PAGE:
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Are We Making Any Money Yet?

Measures of generator unit performance are uncertain.

Fortnightly Magazine - February 2006

This affects spot-market electricity prices. While a high electricity price is always good if you are selling output of a wind project, it is not necessarily good (or as good) if you have a natural gas-fired generator. If natural gas prices are high, then the marginal natural gas-fired generator will not experience improved profitability from the commensurately higher spot-market electricity prices.

Global Energy forecasts spark spreads for all market areas. Figure 2 shows forecast monthly spark spreads for Entergy under Global Energy’s Fall 2005 forecast. For comparison, we also show spark spreads based on a 10,000 Btu/kWh heat rate.

Higher natural-gas prices generally result in higher spark spreads. This rule of thumb derives from the fact that in heavy load hours generators with lower efficiency in converting natural gas to electricity are dispatched. For example, in heavy load hours a simple-cycle gas turbine with a heat rate of 10,000 Btu/kWh could be called to meet load. As a result, spot-market prices during these hours will need to be high enough to cover the operating cost of the 10,000 Btu/kWh unit. So, if gas prices increase by $1/MMBTU, then spot-market prices during heavy load hours should increase by $10/MWh to cover the increased cost of the 10,000 Btu/kWh unit. However, the cost for a more efficient (7,000 Btu/kWh) combined- cycle gas plant only will increase by $7/MWh. Therefore, the spark spread for the 7,000 Btu/kWh heat rate combined-cycle unit will increase by $3/MWh under this scenario.

Forecast vs. Traded Spark Spreads

Spark spreads indicated by traders occasionally are higher than those developed from fundamentals-based energy price forecasts. Trader data allegedly is based on actual deals being made in power markets. Global Energy has attempted to verify the existence of actual trades behind trader-quoted numbers, but it often is difficult to get information that can validate that actual deals being made at these high spark-spread levels. It is possible that some small quantities are being bought and sold at these levels. However, there often does not appear to be a significant amount of volume in power transactions to make for reliable decision making.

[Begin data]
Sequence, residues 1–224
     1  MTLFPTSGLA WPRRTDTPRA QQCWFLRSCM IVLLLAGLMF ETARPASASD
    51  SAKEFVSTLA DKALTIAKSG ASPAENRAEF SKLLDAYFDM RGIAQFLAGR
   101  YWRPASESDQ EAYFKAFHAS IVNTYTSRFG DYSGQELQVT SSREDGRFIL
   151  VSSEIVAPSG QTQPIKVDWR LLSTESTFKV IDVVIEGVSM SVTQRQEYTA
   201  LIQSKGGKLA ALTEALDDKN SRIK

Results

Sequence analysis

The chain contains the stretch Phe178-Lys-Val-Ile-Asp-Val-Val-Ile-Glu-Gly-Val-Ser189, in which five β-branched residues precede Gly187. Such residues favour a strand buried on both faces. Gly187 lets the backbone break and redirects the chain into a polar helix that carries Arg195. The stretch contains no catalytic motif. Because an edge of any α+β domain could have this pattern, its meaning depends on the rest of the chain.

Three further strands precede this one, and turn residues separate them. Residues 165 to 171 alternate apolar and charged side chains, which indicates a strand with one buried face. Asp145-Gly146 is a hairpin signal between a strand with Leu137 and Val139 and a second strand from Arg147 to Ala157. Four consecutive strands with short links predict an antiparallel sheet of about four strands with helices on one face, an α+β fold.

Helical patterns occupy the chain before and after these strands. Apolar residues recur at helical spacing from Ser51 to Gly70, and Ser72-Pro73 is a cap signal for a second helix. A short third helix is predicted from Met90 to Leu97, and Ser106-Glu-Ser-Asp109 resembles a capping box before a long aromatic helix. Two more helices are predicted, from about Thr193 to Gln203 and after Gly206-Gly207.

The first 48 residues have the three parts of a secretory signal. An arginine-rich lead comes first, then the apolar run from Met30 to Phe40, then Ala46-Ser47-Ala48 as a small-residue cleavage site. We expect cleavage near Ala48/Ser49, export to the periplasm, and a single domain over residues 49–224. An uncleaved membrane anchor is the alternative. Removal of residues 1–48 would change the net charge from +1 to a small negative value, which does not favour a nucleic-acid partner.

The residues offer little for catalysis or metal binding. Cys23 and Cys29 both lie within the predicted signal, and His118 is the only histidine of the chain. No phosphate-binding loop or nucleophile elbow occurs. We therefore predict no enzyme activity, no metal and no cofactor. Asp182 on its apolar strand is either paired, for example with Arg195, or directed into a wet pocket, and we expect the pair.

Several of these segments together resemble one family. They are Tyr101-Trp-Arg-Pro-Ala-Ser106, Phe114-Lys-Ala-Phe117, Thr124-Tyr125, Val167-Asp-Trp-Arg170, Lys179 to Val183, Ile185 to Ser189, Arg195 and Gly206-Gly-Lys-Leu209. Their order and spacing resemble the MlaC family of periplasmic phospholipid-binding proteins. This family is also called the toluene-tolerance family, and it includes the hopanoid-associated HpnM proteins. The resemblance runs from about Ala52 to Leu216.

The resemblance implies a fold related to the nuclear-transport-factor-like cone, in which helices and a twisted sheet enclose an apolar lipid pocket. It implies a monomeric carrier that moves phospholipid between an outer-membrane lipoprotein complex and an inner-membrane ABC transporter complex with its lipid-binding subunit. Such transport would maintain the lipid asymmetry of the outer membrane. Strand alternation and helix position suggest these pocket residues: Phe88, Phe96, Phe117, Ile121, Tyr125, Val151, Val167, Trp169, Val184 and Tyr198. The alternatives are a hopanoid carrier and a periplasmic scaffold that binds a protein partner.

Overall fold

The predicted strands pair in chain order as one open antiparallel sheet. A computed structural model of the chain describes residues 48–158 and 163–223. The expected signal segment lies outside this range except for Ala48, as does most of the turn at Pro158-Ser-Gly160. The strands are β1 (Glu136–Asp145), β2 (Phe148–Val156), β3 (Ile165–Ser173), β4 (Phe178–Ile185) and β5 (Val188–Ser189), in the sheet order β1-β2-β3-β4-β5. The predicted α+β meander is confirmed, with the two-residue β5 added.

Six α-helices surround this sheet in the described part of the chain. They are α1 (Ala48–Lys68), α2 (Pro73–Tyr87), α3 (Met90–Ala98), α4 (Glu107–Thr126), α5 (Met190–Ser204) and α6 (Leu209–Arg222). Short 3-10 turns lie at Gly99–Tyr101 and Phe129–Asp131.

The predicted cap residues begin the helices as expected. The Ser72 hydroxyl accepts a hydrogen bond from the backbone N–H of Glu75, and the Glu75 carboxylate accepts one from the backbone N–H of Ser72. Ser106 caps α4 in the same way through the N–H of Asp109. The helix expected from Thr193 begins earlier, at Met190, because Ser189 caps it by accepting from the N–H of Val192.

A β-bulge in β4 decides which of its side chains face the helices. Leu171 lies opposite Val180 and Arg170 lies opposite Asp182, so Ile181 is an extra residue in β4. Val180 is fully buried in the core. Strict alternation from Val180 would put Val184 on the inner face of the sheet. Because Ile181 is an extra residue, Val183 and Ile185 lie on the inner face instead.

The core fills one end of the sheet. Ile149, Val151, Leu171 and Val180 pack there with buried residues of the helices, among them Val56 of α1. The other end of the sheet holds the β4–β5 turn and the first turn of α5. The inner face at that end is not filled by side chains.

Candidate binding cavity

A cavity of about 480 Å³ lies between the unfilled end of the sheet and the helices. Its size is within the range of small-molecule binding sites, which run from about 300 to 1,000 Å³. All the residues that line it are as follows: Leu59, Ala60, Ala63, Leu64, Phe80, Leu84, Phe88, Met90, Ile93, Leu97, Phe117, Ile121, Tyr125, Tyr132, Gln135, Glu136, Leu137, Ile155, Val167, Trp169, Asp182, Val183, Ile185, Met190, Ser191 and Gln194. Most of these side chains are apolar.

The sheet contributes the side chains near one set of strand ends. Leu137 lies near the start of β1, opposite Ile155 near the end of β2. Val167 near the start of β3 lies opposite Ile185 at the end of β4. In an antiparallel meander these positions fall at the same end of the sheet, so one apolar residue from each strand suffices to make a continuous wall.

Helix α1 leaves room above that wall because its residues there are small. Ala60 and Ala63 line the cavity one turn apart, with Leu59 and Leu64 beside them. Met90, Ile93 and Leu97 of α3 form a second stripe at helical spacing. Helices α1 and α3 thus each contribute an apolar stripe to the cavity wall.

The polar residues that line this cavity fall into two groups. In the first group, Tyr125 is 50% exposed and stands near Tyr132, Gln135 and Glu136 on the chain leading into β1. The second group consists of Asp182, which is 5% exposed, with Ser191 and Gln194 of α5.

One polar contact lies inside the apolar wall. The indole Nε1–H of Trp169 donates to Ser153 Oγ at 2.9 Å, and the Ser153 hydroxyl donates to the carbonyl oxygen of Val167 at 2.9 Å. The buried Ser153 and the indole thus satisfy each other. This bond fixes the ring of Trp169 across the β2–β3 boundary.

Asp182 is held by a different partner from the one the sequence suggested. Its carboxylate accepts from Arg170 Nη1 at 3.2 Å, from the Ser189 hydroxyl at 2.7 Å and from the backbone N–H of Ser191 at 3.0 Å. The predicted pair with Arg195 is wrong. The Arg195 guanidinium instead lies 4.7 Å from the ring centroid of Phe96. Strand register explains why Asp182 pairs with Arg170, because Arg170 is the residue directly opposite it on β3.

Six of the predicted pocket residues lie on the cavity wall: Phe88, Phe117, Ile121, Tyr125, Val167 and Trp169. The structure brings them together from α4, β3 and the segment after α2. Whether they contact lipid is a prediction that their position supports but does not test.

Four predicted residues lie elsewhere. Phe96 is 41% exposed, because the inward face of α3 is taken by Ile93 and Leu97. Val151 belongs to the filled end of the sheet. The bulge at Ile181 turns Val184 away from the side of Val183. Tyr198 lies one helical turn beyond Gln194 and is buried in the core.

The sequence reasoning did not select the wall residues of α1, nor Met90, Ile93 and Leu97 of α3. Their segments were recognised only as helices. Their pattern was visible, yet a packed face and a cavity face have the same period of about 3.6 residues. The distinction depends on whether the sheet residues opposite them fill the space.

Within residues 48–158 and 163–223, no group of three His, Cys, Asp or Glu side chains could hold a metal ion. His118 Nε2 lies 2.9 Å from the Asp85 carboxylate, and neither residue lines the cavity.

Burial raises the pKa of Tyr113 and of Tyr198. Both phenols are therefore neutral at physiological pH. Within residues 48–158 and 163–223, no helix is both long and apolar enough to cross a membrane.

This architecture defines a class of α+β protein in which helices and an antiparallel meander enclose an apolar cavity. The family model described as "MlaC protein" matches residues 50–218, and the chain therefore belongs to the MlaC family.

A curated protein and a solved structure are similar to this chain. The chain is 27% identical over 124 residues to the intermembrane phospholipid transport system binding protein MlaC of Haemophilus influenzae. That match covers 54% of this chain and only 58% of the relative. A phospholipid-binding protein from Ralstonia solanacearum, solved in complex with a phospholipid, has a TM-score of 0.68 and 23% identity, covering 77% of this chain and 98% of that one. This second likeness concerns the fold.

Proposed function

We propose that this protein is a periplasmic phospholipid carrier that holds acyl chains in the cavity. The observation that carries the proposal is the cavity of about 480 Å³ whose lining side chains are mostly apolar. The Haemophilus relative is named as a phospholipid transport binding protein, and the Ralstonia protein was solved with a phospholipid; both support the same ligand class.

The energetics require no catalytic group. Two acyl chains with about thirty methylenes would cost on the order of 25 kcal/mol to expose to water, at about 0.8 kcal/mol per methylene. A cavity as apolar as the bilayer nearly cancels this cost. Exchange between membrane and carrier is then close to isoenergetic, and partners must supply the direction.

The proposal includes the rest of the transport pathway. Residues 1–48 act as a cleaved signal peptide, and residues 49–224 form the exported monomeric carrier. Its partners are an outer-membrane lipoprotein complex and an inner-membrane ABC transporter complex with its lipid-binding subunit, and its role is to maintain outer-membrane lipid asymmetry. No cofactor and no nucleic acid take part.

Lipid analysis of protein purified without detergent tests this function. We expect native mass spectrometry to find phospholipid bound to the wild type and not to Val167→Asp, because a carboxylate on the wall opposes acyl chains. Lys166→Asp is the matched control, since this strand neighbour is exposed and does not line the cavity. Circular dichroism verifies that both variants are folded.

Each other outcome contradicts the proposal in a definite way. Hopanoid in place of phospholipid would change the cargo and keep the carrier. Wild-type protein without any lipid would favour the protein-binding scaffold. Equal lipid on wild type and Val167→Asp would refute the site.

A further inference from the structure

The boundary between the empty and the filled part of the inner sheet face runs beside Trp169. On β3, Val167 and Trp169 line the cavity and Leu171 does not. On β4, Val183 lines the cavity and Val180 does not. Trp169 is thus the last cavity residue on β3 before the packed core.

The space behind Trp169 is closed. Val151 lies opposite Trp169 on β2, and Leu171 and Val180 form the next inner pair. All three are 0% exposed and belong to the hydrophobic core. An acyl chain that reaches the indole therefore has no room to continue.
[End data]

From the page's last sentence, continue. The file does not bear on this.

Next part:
It also is possible that long-dated trader spark-spread data are the mid-level of a “buy-sell” spread. The “buy-sell” spread is likely to be large in these outer years, and the asking (sell) price may be at a level to cover the full cost of a new generator (fixed and variable). If “asking” prices are at this level, the mid-level of a “buy-sell” spread may be artificially high. We believe the most reliable forecast is a fundamentals-based forecast assuming normal conditions, which might differ from what certain buyers and sellers are willing to trade at as a result of their respective concerns about future uncertainties.

Any number of factors can lead to differences between fundamental forecasts and forward prices. In particular, there may not be a liquid market for forward contracts between creditworthy parties. Where illiquidity exists, forward prices can be biased by relatively small-value transactions. Forward markets also reflect a perceived “risk premium” that is absent from our deterministic spot-price forecast.